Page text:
Initially, the rebranded airline launched new routes from London City serving KLM's Amsterdam Schiphol hub as well as Glasgow and Edinburgh. However, from January 2000, the KLM uk routes that did not serve Amsterdam were either progressively transferred to Buzz, the KLM group's new low-cost carrier, along with the remaining 146-300 aircraft or closed. KLM uk adopted this new strategy in response to its increasing inability to match the far lower costs of the rapidly growing "no frills" competition on the main London—Scotland trunk routes, especially Luton-based EasyJet and former British Airways subsidiary Go based at Stansted itself. By 2001, Buzz operated 14 point-to-point routes from Stansted. Many of these were former Air UK routes served with a fleet of eight BAe 146-300s handed down from Air UK and two independently sourced, second-hand Boeing 737-300s. In addition, scheduled routes not transferred to Buzz and serving destinations other than Amsterdam were eventually all withdrawn, thus reducing the network to only 15 routes exclusively linking regional UK airports to Amsterdam Schiphol. This also resulted in the retirement of KLM uk's ATR-72s.
In 2002, KLM decided to integrate what was left of KLM uk into KLM Cityhopper, its wholly owned, Dutch-based regional subsidiary. It also decided to sell Buzz to Ryanair the following year. This transaction constituted the final link in a long chain of events connecting the early- to mid-20th century decision of British & Commonwealth Shipping, a shipping company that could trace its roots to the 19th century, to diversify into commercial aviation through ownership of several of the post-/pre-war independent airlines that merged to form British United Airways, the UK's dominant private sector airline conglomerate of the 1960s, with what is arguably the world's most commercially successful airline of the first decade of the 21st century.
By late 2009, several regional point-to-point routes plied by Air UK and its predecessors for many years, which were dropped soon after Dutch flag carrier KLM had become the airline's sole owner, had been taken over by Eastern Airways and Flybe, with the former concentrating on the ex-Air Anglia oil-related business routes along Britain's East Coast and the latter focusing on former BIA/Air Westward routes serving the southern and western parts of the UK.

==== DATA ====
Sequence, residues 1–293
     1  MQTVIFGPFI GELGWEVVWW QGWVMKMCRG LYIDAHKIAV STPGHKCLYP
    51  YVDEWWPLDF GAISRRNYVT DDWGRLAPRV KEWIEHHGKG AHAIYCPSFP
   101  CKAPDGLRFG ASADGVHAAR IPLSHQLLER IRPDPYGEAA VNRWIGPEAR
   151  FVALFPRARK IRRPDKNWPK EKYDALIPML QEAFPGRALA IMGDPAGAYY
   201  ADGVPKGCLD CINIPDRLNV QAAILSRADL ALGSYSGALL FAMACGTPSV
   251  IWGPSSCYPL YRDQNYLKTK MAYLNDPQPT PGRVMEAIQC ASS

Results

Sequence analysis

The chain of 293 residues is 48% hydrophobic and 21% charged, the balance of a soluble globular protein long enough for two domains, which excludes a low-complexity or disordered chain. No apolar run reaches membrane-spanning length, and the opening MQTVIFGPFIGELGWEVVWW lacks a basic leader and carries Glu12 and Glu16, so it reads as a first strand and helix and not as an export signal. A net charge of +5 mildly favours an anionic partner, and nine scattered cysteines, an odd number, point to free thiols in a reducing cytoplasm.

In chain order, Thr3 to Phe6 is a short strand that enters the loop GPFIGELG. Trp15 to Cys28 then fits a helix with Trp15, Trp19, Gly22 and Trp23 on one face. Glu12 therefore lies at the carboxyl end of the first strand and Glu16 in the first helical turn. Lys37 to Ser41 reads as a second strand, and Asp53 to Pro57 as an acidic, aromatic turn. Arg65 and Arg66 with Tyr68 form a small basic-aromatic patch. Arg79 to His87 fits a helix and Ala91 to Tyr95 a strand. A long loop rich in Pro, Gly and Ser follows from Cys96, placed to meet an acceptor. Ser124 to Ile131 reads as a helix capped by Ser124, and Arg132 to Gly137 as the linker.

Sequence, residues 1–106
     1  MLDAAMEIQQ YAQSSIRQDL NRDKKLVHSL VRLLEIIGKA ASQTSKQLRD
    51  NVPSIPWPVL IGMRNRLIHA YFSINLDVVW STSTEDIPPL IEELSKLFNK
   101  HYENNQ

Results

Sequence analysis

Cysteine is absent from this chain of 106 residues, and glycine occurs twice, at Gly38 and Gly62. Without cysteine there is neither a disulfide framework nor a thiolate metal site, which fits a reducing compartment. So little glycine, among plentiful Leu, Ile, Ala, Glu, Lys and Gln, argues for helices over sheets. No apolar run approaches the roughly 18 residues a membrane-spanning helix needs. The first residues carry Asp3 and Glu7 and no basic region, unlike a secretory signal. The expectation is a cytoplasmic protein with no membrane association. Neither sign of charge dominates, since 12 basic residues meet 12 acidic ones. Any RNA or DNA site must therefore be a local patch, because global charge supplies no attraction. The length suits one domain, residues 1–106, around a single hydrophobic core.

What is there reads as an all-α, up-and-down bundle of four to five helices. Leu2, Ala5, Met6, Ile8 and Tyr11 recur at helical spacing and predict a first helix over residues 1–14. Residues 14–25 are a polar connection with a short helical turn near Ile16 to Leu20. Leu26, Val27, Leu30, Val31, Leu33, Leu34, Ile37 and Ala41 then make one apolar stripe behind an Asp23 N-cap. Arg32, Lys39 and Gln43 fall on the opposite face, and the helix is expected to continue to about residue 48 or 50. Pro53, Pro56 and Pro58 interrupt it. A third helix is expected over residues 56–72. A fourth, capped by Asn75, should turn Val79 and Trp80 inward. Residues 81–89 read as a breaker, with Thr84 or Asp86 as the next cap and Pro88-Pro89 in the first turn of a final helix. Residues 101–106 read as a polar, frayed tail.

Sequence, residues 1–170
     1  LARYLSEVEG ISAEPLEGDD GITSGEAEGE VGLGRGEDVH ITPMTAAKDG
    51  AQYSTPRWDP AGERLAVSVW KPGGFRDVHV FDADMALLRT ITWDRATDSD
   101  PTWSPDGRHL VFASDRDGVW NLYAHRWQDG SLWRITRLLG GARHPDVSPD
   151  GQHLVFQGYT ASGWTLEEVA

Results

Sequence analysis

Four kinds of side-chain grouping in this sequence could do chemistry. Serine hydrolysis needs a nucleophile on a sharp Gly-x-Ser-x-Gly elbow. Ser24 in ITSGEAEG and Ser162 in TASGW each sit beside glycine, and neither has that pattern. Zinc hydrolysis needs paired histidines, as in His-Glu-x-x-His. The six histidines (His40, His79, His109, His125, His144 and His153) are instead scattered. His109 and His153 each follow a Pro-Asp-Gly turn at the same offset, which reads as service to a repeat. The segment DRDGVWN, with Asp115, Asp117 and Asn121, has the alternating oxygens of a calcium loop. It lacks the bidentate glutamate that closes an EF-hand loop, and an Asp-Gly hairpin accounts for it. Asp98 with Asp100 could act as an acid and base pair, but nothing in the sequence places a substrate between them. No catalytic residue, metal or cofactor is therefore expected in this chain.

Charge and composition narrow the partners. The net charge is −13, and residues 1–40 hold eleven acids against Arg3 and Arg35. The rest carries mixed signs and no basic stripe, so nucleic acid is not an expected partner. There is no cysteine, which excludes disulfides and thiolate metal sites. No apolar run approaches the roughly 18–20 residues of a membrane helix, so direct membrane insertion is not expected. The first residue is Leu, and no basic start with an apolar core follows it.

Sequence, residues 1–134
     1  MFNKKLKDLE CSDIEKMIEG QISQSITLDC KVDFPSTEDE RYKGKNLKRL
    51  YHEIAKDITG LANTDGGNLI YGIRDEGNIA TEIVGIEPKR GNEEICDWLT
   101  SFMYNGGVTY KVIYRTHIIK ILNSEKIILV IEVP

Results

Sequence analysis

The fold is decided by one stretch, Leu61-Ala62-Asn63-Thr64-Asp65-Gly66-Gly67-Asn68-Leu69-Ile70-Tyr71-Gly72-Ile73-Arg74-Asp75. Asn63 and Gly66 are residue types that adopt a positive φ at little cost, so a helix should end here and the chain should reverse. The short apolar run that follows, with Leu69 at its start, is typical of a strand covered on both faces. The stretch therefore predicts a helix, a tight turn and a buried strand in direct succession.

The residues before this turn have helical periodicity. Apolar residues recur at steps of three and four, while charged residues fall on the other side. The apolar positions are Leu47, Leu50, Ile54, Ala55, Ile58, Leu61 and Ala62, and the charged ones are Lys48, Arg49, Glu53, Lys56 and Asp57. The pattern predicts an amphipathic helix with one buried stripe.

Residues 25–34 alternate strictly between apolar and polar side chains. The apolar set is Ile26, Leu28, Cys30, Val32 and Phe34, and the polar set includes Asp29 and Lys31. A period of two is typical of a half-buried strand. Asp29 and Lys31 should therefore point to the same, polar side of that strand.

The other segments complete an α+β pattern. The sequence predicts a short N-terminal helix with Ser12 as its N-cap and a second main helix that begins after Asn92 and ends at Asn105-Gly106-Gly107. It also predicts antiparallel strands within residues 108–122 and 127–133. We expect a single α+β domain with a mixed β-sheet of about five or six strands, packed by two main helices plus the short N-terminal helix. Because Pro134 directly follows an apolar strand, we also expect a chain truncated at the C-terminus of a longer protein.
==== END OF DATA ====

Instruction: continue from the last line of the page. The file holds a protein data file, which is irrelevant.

Incidents and accidents
There were three recorded non-fatal incidents during Air UK's 19-year existence from 1980 until 1998.
The first of these occurred on June 11, 1984. It involved an empty ex-BIA Handley Page Dart Herald (registration: G-BBXI), which was parked at Bournemouth Airport. A lorry struck the aircraft and damaged it beyond repair.
The second incident occurred on July 19, 1990. It involved an ex-Air Anglia F-27-200 (registration G-BCDO) in a landing accident at Amsterdam Schiphol Airport at the end of a scheduled flight from London Stansted. The aircraft's right-hand main gear failed to lock down while preparing to land. This resulted in a forced landing with the right gear retracted, damaging the aircraft beyond repair. There were no injuries among the 17 passengers and four crew members. (The aircraft was subsequently ferried to Air UK's base at Norwich Airport, where it was withdrawn from service and scrapped.)
The third and final incident occurred on December 7, 1997. It involved an F-27-500F (registration: G-BNCY) in a landing accident at Guernsey Airport at the end of a scheduled service from Southampton. The aircraft overran the runway while landing in high crosswinds and came to rest in an adjacent field with its left landing gear collapsed. There were no injuries among the 50 passengers and four crew. (The aircraft was damaged beyond repair and subsequently written off.)